Ringgold grad takes gun to school
By Rick Bruni Jr.
Published: Friday, Nov. 1, 2013, 12:41 a.m.
A Ringgold High School graduate dressed in drag and toting a gun caused a stir Wednesday morning at his alma mater.
Sean Ashley Begandy Jr., 18, of Monongahela, allegedly tried to enter the high school with a pellet gun tucked in the front of his shirt around 7:30 a.m. – before being detained by school security, Carroll Township police said.
Begandy was dressed as a woman, police said.
Police said Begandy first snuck onto a school bus and rode to the high school campus.
He allegedly pulled out a black pistol as he approached school security officer Colleen Spahr at the entrance.
Police said Begandy surrendered the weapon to Spahr and was quickly taken to the security office.
“The school district has taken steps in the past year to bolster security, and I feel the measures they have in place paid off,” Carroll Township police Chief Paul Brand said. “Once he was met by security personnel, he relinquished the weapon and was very cooperative.”
The gun ended up being an Airsoft gun used to shoot plastic pellets, Brand said.
While not considered a deadly weapon, the BB-type gun can cause injury, Brand said.
The gun was not loaded, Brand said.
“More importantly, it replicates a real gun very closely – almost to the detail,” Brand said. “The only difference is (air guns) generally have an orange tip on the end of the barrel, which his did.”
Brand described Begandy as wearing a “costume.”
“Sweat pants, a shirt tied at the waist, he appeared to be wearing makeup like a woman would wear and had hoop earrings and other jewelry,” Brand said.
“School officials indicated (Begandy) was the kind of kid who sought attention. Well, he got our attention.”
Following his arrest, Begandy allegedly told Brand and Carroll Township officer Stephen Kenyon that he boarded the bus at the intersection of Fourth and Union streets and went to the high school to see old friends.
Begandy told police he was planning to go with friends to Philadelphia later in the day to shoot the pistol.
“His only explanation was he was coming to the school to say hello to some former teachers and students that he knew, and he was going to shoot with them later,” Brand said.
Brand said district officials questioned the bus driver, who indicated Begandy blended in with the nearly three dozen students at the stop.
“It's a unique stop that fills up a whole bus, so out of any of the stops you could blend in – considering how he was dressed – that was the stop,” Brand said. “He's young, he's 18, and appears to be like a student.”
Begandy allegedly told officers no one gave him permission to ride the bus, and he never intended to cause harm with the pistol.
Begandy was charged with misdemeanor possession of a weapon on school property and unauthorized school bus entry. He was arraigned before Magisterial District Judge Mark Wilson of Monongahela and sent to the Washington County Correctional Facility in lieu of $10,000 straight cash bond.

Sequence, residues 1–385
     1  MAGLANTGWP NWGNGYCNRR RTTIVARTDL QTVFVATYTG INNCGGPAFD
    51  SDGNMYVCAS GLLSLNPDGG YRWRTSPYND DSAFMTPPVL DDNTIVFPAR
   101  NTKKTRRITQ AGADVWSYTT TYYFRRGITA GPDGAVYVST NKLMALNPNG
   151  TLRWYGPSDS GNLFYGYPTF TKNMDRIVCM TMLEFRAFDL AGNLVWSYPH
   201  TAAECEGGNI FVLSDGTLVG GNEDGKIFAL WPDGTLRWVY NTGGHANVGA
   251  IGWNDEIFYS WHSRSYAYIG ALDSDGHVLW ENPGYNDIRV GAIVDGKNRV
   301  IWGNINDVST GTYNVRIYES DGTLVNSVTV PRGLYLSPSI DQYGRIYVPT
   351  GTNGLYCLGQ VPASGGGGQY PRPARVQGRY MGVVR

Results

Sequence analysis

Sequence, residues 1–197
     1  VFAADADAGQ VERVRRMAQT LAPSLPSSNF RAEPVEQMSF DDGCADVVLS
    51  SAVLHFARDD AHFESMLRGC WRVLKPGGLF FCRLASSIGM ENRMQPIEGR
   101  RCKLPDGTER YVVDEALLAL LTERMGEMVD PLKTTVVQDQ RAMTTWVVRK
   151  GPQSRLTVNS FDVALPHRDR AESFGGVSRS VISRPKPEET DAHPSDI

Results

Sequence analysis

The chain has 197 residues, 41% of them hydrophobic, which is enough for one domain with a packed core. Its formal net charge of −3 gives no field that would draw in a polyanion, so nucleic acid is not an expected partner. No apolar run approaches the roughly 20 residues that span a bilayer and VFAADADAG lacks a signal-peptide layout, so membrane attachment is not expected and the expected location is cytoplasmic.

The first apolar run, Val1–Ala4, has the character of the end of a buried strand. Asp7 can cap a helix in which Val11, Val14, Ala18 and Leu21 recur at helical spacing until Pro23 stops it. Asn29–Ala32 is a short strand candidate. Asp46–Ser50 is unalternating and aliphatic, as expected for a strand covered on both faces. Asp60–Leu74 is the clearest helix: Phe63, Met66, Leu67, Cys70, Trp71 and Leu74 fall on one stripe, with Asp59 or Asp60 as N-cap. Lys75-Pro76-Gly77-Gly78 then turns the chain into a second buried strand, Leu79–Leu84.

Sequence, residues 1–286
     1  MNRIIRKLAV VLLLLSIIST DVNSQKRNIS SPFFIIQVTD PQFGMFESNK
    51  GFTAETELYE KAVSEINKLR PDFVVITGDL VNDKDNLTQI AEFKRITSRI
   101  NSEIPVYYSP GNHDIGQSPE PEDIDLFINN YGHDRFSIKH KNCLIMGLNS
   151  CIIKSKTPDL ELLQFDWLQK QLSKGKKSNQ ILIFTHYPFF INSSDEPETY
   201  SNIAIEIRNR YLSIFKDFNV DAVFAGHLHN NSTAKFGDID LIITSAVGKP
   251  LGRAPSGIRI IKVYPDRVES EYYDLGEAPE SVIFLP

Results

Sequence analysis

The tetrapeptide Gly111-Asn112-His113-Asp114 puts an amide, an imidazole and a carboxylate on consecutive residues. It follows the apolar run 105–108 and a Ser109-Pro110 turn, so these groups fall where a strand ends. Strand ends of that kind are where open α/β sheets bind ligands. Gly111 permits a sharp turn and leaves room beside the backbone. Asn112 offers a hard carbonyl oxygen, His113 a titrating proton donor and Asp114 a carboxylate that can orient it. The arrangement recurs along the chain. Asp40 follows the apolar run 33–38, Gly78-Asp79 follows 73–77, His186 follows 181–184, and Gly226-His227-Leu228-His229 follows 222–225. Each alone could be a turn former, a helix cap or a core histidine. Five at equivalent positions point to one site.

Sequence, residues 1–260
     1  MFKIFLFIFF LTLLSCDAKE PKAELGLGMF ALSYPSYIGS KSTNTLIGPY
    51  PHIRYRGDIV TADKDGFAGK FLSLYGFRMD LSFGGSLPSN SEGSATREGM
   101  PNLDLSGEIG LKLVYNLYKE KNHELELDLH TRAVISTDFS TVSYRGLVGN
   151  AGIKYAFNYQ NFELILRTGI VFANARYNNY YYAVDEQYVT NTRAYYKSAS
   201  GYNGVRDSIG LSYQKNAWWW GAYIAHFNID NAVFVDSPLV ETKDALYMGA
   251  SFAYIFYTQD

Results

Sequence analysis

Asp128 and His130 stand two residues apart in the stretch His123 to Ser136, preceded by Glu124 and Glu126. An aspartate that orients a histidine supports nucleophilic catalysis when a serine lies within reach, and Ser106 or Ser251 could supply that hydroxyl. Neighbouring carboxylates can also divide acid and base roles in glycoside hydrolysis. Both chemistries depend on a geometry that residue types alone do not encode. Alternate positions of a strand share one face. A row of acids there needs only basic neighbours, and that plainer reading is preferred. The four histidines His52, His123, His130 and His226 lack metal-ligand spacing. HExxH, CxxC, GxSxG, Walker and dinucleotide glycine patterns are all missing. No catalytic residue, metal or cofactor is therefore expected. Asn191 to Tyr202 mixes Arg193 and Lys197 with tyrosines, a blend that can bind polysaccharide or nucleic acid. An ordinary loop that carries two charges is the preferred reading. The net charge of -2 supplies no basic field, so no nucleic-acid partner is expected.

Begandy's preliminary hearing is scheduled for Nov. 7 before Wilson.
“I believe the magistrate is sending a strong message that you don't bring any type of weapon onto school grounds and, as an adult, sneak onto a school bus,” Brand said.
“That's going to be treated very seriously and, obviously, we and school officials treated it very seriously.”
Show commenting policy
TribLive commenting policy
You are solely responsible for your comments and by using TribLive.com you agree to our Terms of Service.
We moderate comments. Our goal is to provide substantive commentary for a general readership. By screening submissions, we provide a space where readers can share intelligent and informed commentary that enhances the quality of our news and information.
While most comments will be posted if they are on-topic and not abusive, moderating decisions are subjective. We will make them as carefully and consistently as we can. Because of the volume of reader comments, we cannot review individual moderation decisions with readers.
We value thoughtful comments representing a range of views that make their point quickly and politely. We make an effort to protect discussions from repeated comments either by the same reader or different readers.
We follow the same standards for taste as the daily newspaper. A few things we won't tolerate: personal attacks, obscenity, vulgarity, profanity (including expletives and letters followed by dashes), commercial promotion, impersonations, incoherence, proselytizing and SHOUTING. Don't include URLs to Web sites.
We do not edit comments. They are either approved or deleted. We reserve the right to edit a comment that is quoted or excerpted in an article. In this case, we may fix spelling and punctuation.
We welcome strong opinions and criticism of our work, but we don't want comments to become bogged down with discussions of our policies and we will moderate accordingly.
We appreciate it when readers and people quoted in articles or blog posts point out errors of fact or emphasis and will investigate all assertions. But these suggestions should be sent via e-mail. To avoid distracting other readers, we won't publish comments that suggest a correction. Instead, corrections will be made in a blog post or in an article.
- Grant helps Belle Vernon teacher build collection of Civil War artifacts
- Local kids enjoy Easter egg hunts
- BVA senior takes Relay for Life personal
- Local runners set for Boston
- Bellmar High School alumni share special bond
- Brownsville Area senior wins major honor at state farm show
- Pastor’s childhood tale, scar key to Easter message
- It’s ‘Sammy Vasquez Jr. Day’ in Monessen
- Drug suspect’s escape try fails
- ‘Hairspray’ captivates Monessen audiences
- First Federal, Community Bank join